# Episode 512: Nuclear equations

Now that your students are familiar with different types of radiation, you can look at the processes by which they are emitted.

**Summary**

- Discussion: Nuclide notation and
*N*-*Z*plot (10 minutes) - Student Questions: Practice with notation (10 minutes)
- Worked Examples: Equations for alpha, beta and gamma decay (20 minutes)
- Student Questions: Practice with nuclear equations (30 minutes)

**Discussion: Nuclide notation**

Revise nuclide notation:

Discuss how *A* = mass or nucleon number, *Z* = charge or atomic number and *N* = neutron number are related (*A* = *Z* + *N*).

Discuss isotopes (common examples: H, D and T, U-235 and U-238, C-14 and C-12).

Set the task of finding out the name for nuclides having the same A but different Z (isobars), and the same *N* but different *Z* (isotones).

Show an *N*-*Z* plot (Segrè plot).

**Student questions: Practice with notation**

Set some simple questions involving nuclide notation.

Episode 512-1: Nuclide notation (Word, 36 KB)

Grid showing change in A and Z with different emissions

**Worked examples: Equations for alpha, beta and gamma decay**

Nuclear decay processes can be represented by nuclear equations. The word **equation** implies that the two sides of the equation must ‘balance’ in some way.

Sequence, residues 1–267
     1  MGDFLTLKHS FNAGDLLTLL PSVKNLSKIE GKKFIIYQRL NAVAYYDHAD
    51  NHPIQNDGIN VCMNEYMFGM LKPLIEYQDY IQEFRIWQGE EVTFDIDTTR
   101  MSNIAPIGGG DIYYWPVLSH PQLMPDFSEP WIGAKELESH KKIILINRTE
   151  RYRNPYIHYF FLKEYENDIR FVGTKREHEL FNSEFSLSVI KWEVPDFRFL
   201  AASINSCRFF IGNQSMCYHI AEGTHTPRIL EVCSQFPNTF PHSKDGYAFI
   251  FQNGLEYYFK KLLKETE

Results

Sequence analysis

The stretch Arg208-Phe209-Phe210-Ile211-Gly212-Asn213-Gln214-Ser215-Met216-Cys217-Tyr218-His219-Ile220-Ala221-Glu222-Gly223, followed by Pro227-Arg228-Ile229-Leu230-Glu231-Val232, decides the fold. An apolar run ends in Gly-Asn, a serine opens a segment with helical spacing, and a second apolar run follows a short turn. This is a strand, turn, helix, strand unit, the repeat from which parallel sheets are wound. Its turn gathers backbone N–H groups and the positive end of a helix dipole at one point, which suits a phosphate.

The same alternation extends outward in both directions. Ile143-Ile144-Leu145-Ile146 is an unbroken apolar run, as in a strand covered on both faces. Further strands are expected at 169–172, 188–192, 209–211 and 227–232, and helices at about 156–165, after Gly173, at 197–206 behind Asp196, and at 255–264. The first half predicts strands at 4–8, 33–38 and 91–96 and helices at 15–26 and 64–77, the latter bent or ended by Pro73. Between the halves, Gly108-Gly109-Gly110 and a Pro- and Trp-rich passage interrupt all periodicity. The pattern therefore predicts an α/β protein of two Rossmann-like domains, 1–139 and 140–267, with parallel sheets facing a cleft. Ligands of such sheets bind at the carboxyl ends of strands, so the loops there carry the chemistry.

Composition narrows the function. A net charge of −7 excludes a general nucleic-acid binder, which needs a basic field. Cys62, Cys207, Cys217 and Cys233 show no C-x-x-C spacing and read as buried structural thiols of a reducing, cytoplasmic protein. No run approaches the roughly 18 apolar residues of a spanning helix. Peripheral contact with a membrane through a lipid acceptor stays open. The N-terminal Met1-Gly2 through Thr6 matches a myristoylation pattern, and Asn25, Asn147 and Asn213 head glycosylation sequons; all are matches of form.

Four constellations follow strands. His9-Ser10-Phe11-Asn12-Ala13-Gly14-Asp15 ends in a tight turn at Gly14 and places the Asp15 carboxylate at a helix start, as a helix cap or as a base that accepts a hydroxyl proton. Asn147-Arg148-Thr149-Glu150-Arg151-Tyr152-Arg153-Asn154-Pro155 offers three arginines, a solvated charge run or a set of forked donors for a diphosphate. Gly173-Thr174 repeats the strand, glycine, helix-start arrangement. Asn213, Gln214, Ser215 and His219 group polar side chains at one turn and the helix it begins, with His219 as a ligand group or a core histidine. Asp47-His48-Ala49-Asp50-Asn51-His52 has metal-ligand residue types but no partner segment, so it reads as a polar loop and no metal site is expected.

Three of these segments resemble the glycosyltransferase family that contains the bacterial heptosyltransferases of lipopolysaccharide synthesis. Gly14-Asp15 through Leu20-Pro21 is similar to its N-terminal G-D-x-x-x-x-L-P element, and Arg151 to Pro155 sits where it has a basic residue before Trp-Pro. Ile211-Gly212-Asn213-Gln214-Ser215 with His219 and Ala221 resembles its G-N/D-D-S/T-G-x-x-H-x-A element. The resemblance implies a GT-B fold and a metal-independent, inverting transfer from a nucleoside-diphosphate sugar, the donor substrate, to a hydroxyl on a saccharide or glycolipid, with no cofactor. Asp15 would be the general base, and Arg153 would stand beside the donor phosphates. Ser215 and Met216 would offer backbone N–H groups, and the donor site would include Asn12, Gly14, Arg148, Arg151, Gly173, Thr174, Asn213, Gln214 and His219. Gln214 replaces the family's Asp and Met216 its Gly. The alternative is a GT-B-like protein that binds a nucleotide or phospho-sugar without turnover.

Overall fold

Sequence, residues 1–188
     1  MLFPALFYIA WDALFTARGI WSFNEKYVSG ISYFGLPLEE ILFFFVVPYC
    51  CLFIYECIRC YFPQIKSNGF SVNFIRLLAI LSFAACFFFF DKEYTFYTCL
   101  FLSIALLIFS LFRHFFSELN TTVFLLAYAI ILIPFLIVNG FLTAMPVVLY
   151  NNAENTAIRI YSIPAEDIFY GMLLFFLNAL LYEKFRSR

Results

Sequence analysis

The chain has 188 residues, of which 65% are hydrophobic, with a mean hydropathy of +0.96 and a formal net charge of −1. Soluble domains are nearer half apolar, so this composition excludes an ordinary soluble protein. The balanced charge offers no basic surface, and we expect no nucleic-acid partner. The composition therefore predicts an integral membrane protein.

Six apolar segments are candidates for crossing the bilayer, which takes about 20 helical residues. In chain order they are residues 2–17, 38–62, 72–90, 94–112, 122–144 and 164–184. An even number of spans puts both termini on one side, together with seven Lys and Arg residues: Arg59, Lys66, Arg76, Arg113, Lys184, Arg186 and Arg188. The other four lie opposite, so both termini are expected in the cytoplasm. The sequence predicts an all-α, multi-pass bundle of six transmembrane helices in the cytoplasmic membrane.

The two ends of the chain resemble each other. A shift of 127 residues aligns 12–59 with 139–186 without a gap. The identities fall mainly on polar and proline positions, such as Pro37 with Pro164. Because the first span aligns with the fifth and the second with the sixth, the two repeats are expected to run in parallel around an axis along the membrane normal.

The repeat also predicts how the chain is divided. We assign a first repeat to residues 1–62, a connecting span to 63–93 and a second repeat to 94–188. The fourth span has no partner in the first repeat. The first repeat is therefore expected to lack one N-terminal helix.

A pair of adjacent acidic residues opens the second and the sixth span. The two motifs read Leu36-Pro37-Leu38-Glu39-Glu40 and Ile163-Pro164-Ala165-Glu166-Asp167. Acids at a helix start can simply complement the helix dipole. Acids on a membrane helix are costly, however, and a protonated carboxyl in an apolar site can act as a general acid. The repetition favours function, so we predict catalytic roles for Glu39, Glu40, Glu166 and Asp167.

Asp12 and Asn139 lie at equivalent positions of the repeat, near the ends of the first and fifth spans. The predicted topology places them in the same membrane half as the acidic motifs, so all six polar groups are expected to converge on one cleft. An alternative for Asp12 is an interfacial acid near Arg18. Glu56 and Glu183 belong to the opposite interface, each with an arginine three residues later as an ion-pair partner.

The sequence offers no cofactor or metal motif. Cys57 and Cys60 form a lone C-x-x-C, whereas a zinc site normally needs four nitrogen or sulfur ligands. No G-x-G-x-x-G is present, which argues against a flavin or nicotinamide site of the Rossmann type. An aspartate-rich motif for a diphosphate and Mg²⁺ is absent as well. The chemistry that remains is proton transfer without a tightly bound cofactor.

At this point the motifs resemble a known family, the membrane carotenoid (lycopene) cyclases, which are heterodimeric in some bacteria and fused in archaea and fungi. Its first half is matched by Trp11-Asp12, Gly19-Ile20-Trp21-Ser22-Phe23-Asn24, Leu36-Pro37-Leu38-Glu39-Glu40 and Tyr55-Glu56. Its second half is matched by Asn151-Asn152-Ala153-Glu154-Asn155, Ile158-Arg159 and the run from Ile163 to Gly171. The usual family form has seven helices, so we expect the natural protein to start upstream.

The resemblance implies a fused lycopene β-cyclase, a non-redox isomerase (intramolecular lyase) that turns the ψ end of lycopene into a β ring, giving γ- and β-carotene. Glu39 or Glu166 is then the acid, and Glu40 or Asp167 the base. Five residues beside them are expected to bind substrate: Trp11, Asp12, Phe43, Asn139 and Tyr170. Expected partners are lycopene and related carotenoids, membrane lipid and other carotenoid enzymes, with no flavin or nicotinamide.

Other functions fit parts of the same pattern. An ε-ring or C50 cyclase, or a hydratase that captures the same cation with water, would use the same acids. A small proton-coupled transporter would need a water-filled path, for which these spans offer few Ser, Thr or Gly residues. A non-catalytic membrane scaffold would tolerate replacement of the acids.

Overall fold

Episode 512-2: Decay processes (Word, 53 KB)

You could give examples of equations for the sources used in school and college labs.

a sources are americium-241,

b^{-} sources are strontium-90,

The underlying process is:

n –> p + e^{-} + n

Here, n is an antineutrino. Your specification may require you to explain why this is needed to balance the equation.

You can translate n –> p + e^{-}_{ } into the AZ notation:

γ sources are cobalt-60 . The γ radiation comes from the radioactive daughter of the β decay of the . The is formed in an ‘excited state’ and so almost immediately loses the energy by emitting a g ray. They are only emitted after an α or β decay, and all such γ rays have a well-defined energy. (So a cobalt-60 source which is a pure gamma emitter must be designed so that betas are not emitted. How? – (by encasing in metal which is thick enough to absorb the betas but which still allows gammas to escape.)

**Student questions: Practice with nuclear equations**

Episode 512-3: Practice with nuclear equations (Word, 66 KB)

The more unusual decay processes (positron emission, neutron emission, electron capture) could be included, and students challenged to write them as nuclear equations.

**Download this episode**

Episode 512: Nuclear equations (Word, 180 KB)